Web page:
I have just finished reading your article on college football's battle for No. 1 (There's a Red Alert, Nov. 12). Douglas S. Looney states that " USC can only hope and wait. Even winning the Pac-10, going to the Rose Bowl and beating, say, Ohio State probably won't get the Trojans back on top if Alabama keeps on winning."
He has a very short memory. When it comes to the voting on the national champion and Alabama is a candidate, strange, indeed phenomenal, things happen. In 1977 Alabama was No. 3 going into the bowls. Texas was No. 1. Fifth-rated Notre Dame blasted Texas 38-10, and Alabama beat a good Ohio State team 35-6. Notre Dame was elevated to No. 1.
In 1978 Penn State was No. 1 and 'Bama was No. 2. The Tide beat Penn State 14-7 in a game that was not as close as the score indicated. So Alabama won the national title, right? Wrong. Only half of it, UPI declared USC the champion.
So when you say USC is probably out of it, especially if Alabama is the logical choice, don't be too sure about it. Logic doesn't enter into it.
HENRY A. RAMSAY
For anyone to say that Alabama's No. 1 ranking is the result of Bear Bryant's "unfair sway over the media and coaches" is sheer nonsense. The polls of the last two years demonstrate this quite well, but the most flagrant example of Alabama's lack of popularity came in 1966. Is it conceivable that Notre Dame or Southern Cal could be a two-time defending national champion, have a perfect season, have an outstanding bowl game and still end up third in the polls? Of course not. Bryant should be working on his eighth national championship instead of his sixth.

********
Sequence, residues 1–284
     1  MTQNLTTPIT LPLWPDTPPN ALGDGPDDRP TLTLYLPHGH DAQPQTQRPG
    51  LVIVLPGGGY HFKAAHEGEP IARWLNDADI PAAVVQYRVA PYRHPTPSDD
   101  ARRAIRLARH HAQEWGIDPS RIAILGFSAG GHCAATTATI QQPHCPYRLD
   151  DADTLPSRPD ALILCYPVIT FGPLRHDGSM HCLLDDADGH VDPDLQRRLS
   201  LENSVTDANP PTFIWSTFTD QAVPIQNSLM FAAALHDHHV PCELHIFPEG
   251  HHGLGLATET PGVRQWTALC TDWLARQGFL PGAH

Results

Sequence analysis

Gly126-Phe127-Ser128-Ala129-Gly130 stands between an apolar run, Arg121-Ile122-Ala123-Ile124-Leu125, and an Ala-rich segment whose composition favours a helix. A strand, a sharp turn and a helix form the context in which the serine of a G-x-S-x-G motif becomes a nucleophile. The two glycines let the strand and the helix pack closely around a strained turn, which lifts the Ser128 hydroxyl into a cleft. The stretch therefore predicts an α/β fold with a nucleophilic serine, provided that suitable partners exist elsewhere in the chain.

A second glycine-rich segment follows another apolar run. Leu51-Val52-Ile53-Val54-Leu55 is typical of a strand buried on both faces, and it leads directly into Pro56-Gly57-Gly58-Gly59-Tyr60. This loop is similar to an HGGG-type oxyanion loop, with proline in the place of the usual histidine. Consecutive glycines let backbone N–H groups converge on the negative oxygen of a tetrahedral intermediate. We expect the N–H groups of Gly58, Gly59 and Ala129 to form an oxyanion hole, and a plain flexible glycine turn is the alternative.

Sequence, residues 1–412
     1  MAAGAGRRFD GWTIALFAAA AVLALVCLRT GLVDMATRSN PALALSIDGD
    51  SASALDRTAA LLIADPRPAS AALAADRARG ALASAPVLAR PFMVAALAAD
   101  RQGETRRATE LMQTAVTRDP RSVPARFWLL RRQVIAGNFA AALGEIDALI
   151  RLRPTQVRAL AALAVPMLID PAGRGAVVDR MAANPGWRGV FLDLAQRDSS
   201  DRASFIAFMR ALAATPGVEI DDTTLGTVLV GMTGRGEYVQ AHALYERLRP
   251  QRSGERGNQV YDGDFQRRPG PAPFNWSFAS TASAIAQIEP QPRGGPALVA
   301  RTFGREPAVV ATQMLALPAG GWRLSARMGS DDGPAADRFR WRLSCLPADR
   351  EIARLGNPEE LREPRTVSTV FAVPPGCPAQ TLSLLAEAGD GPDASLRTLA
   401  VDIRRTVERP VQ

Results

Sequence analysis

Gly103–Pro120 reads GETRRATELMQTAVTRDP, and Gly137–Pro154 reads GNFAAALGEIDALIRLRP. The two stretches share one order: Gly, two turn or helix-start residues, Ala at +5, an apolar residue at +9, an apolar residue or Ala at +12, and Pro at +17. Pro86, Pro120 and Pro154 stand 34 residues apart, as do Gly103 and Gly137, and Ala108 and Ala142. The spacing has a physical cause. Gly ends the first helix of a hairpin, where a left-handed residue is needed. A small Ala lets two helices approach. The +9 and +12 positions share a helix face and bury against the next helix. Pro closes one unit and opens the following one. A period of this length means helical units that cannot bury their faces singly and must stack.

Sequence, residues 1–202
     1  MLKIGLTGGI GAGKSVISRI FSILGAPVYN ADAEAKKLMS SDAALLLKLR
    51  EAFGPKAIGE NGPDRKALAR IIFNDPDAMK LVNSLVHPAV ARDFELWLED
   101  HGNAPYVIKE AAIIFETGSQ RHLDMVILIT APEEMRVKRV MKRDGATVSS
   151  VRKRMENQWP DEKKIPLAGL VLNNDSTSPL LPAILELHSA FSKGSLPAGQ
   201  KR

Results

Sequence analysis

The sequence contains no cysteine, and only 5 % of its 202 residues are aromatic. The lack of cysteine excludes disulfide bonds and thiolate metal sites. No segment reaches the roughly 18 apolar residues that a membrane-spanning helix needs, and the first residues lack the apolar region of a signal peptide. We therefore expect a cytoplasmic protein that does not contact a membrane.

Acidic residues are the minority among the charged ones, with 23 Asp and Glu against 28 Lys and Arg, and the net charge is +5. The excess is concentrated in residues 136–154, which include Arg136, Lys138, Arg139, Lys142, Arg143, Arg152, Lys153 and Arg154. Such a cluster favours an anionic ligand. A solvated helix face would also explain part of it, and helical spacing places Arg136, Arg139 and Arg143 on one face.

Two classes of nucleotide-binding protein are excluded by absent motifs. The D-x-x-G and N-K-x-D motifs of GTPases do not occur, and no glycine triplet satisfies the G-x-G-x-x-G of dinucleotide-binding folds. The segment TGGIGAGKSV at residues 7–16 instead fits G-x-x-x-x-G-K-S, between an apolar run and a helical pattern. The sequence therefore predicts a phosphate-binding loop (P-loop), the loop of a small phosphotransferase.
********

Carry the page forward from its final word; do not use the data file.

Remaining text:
You suggest that the Buckeyes of Ohio State faked out preseason pollsters. They haven't surprised me yet. The Buckeyes have more talent than any other team in college football.
Douglas S. Looney says, "Only one thing is certain: to be No. 1 this year a team must wear some shade of red." Nebraska Quarterback Jarvis Redwine, who is shown on your cover, also wears red in his name. Give the national championship to Tom Osborne and his Cornhuskers.
Farmington Hills, Mich.
Perennial small-college power Wittenberg University has had football opponents seeing red for the last 20 years. Since 1960, Wittenberg has rolled to a 165-23-4 record, including seven unbeaten seasons and eight other seasons with only one loss.
This year the Tigers again are unbeaten and ranked No. 1 in NCAA Division III. It should be no surprise then that Wittenberg's school color also is red.
ROBERT E. RIDDLE, D.D.S.
The article was a waste of time. SI should conduct an investigation to find out why the NCAA Division I football champion is selected by writers and coaches rather than settled on the field of play. As long as there is no playoff among the top 10 schools, there is no champion. No. 1 is a myth!